International
Federation for
Housing and
Planning

18th YTK/IFHP Urban Planning Summer School: Finland

Young professionals and students head to Finland for the 18th annual YTK/IFHP Urban Planning summer school to propose new urban projects under the theme of ‘Diverse Urban living’

9th August- 18th August 2012

Attended by 40 international students and young professionals from architecture, urban planning and associated disciplines, the 18th YTK/IFHP Planning summer school in Finland offered a two week opportunity for its attendees to be actively part of creative urban planning projects. Based around the theme of ‘Diverse Urban Living’, the task was to explore the spatial and cultural elements of housing and to re-think the urban block to establish a unique living area and plan for the areas of Rauma and Jyväskylä.

The summer school structure was split into two areas, between academic study and practical project working in two Finnish cities. Located under the grand designs of Aalto’s amphitheatre like lecture halls at the Aalto University, the first few days provided the attendees with opportunities to develop their understanding of Finnish culture, architecture and planning. To welcome the international group to Finland the initial schedule of events included city walks to various key planning sites around Helsinki, guest lectures covering Finnish planning and history and a further exploration into the course theme of ‘Diverse Urban Living’.

With the groups divided between the respective cities, Finland’s third oldest town Rauma, welcomed one half of the summer school. Alongside the primary projects the groups had a unique opportunity to explore Aalto’s Villa Mairea and a guided walk through Rauma’s wooden Old Town. The extracurricular excursions provided unique learning opportunities to gain firsthand knowledge of Rauma’s history, place and landmark architectural achievements.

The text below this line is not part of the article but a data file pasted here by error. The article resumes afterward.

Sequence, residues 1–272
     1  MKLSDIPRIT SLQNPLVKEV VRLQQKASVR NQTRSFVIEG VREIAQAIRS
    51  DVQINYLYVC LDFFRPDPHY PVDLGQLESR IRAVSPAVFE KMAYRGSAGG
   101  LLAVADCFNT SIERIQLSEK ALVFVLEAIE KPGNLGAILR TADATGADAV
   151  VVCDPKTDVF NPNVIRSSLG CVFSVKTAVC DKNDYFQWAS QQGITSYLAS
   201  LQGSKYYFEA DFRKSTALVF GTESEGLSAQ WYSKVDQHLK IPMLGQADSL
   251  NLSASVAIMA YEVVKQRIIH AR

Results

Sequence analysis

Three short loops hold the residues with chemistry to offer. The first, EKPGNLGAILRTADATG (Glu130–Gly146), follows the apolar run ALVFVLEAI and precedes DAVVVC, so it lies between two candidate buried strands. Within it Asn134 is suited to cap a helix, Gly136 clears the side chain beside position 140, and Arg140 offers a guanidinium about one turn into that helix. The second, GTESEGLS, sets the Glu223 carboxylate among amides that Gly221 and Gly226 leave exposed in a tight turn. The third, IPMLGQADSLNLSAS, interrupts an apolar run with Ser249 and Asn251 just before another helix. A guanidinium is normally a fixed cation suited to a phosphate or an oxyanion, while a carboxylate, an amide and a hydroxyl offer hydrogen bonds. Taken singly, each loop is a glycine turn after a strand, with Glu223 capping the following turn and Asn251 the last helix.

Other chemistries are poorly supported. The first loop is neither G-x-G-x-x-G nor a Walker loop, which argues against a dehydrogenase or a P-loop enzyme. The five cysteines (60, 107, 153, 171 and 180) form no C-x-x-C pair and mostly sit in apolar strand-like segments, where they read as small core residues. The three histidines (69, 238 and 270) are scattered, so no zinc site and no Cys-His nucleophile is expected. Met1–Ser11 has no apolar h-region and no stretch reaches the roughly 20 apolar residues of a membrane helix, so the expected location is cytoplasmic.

Presentation of the final projects

The group projects focused primarily on the revitalization of 60’s and 70’s housing areas of Lajo and Merirauma. The groups got together for 5 days to develop their ideas from site visits and presentations to formulate initial plans to propose. With the aid of local planners the groups throughout the working week each produced innovative and realistic solutions from the analysis stage of the course. The approach of each group varied but all aimed to address particular site constraints through design, land uses and new housing typologies.

It was the unique setting on the lighthouse island of kylmäpihlaja that held the final presentations. Each group in turn presented creative and comprehensive proposals to industry professionals and tutors. The presentations demonstrated the skills and efforts of each participant and with plans that bought together close area analysis, strategic uses of space and creative designs that aimed to address the theme of Diverse Urban Living.

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